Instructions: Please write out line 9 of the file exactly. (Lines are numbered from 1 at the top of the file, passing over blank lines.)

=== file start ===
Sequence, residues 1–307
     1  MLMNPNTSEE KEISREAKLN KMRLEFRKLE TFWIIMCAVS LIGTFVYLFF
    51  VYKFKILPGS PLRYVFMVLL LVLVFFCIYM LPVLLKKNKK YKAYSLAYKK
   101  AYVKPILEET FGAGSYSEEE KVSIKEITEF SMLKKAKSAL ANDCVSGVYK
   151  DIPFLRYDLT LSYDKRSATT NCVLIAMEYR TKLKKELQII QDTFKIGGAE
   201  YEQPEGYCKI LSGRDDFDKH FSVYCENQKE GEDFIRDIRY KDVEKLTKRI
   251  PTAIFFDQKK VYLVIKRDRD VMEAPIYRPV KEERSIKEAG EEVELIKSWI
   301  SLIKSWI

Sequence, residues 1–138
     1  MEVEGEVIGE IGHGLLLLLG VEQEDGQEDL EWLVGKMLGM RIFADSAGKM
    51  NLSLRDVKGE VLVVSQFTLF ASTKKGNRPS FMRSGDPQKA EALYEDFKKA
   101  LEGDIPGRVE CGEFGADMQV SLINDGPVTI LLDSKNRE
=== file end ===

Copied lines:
Sequence, residues 1–138